Through the practice of mental purity, one attains the ability to be cheerful, to be one-pointed, to control the senses, and to see the self. Hence, it is clear that mental purity means refraining from negative, low-vibrational thoughts associated with toxic emotions such as anger, lust, condemnation, greed, etc. In addition, mental purity includes mindfulness.

You may well be familiar with the phrase ‘where attention goes, energy flows’, and this is one of the keys to unlocking the sometimes seemingly big door that stands between us and realization.

Thus, to practice mental purity, we need to occupy our own mind before it is diverted in an undesirable direction. Mantras are a great tool for this purpose. By focusing on the mantra, you’re directing your mind towards the Divine. No matter what kind of negativity is around, you can repeat the mantra to yourself in any place and at any time. Also, meditation with concentration is an excellent way to become more mindful.

Asana, Mantra, Mudra

Each Niyama has asana, mudra, and mantra that help you to accept and practice a niyama more effectively. Try practicing this asana, mudra, or mantra while thinking about Saucha.

saucha niyama image

Asana

The asana associated with Saucha is Legs Up the Wall or Viparita Karani:

  1. Sit on the floor and wiggle your seat as close as possible to the base of the wall.
  2. From there lie on your back and swing your legs up onto the wall with your feet toward the ceiling. The knees should be soft with zero tension in your hamstrings. 
  3. Your legs will align directly above your hips. Your legs should feel weightless, your back relaxed, and maintaining the natural curves of the spine.

Stay here for 5-8 breaths or as long as necessary to relax, restore and cleanse the mind from distracting thoughts and toxic emotions.

This asana facilitates the drainage of the lymphatic system and helps purify the body while boosting your immune system.

Mantra

The mantra associated with Saucha is Om Aim Hridayam Namaha.

Chant this beautiful mantra 108 times to focus on bringing awareness to, and then building heat to burn through, whatever blocks you from recognizing your true, unchanging, authentic, whole, Self.

Mudra

The mudra associated with Saucha is Tattva mudra

To perform this mudra, spin your palms open toward the ceiling and place your thumbs against your palms resting your thumb pads on the knuckle pad of your ring finger. Let your four fingers rest softly together.

This mudra symbolizes the true nature of our Self and helps us to realize that our authentic essence is unchanging, that we are, in our fundamental selves, pure and whole. 

The Bottom Line

It is through purification that a person is transformed, both on the gross and subtle levels. Saucha practice makes the aura lighter and brighter. When your energy body starts vibrating on a higher level, the world around you starts vibrating in resonance with you.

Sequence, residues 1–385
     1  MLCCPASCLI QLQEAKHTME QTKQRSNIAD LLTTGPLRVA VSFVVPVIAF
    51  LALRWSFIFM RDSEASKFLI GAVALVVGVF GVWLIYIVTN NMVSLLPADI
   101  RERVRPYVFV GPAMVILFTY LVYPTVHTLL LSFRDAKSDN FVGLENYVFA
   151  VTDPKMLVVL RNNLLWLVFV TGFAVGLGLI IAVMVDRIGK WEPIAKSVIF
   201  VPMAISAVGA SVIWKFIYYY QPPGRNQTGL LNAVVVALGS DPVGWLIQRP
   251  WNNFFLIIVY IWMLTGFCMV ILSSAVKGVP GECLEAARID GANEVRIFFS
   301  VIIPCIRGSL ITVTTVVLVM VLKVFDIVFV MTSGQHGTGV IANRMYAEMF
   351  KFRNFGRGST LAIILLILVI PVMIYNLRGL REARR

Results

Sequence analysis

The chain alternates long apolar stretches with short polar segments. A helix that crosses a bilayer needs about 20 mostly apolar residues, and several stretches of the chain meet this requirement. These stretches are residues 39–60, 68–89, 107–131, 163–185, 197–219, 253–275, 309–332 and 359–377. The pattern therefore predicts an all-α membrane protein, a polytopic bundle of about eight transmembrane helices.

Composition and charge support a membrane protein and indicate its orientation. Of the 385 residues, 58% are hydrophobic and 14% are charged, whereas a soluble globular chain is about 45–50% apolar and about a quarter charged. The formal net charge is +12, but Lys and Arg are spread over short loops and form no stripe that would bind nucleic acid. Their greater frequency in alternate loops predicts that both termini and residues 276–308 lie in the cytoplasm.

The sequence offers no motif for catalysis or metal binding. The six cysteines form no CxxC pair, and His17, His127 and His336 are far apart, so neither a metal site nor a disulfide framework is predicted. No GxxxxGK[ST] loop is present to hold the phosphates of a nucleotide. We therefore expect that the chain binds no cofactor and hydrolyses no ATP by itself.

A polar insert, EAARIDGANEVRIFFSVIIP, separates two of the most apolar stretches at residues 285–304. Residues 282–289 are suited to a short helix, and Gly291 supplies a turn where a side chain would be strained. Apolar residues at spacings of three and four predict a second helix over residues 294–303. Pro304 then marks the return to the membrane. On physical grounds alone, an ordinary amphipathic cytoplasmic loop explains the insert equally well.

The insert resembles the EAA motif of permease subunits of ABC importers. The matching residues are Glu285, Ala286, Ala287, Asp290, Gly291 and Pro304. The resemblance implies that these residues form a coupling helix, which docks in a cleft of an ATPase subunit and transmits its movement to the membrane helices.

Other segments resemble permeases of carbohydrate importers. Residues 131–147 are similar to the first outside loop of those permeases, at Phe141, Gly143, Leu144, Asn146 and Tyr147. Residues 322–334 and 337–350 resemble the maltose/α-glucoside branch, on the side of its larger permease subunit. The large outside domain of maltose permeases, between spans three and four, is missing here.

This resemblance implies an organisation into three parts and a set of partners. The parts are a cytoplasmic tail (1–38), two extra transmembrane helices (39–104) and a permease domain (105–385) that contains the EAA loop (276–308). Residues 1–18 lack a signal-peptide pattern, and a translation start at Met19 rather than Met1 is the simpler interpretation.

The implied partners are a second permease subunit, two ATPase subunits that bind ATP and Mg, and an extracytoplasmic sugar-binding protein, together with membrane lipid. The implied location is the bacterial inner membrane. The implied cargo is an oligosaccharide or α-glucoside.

Following Saucha, makes it easier to follow the rest of the vows, accelerates progress on the yoga path, and generally has a positive effect on the life of not only the practitioner himself but also his environment.

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Personal Development3 days ago

How To Stop Overthinking: 6 Effective Strategies

Overthinking is a habit that if not taken under control can cause tremendous distress and suffering. When overthinking, our brain...

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Inspirational quotes4 days ago

30 Old Soul Quotes To Better Understand Your Spiritual Nature

Being an old soul refers to how you view and approach life. Usually, old souls look at life through a...

Awareness6 days ago

Somatic Narcissist: A Detailed Guide to Identify One

Narcissistic behavior is a disorder that manifests in many ways. For a somatic narcissist, it is all about physical appearance....

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Awareness6 days ago

Do We Live In A Simulation? 15 Mind-Blowing Facts It Could Be True

Is the world around us real or do we live in a simulation of reality created by more advanced, possibly...

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Astrology1 week ago

Feng Shui Astrology For April 2021: The Month of the Water Dragon

Feng Shui astrology is based on the Chinese calendar. The dates of the beginning and the end of the months are...

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Astrology1 week ago

The Most Accurate Horoscope for April 2021

In this article, I will share with you the most accurate horoscope for April 2021 based on the Feng Shui flying stars chart. This horoscope includes...

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Abundant Living2 weeks ago

Abundance Haircuts In April 2021: Good And Bad Days To Cut Your Hair

Abundance Haircuts is a little-known sutra that reveals the negative consequences of cutting your hair on the bad days and the incredible benefits of cutting it...

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Astrology2 weeks ago

The Worm Full Moon In Libra Occurs On March 28th: Here’s How It Will Affect You

The Full Moon rises on Sunday, March 28, 2021. The upcoming full moon is the third full moon in 2021. It’s often...

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Mantras3 weeks ago

30 High Vibe Affirmations To Start Your Day

High vibe affirmations is a wonderful tool for reprogramming our minds and our reality that is available to everyone and...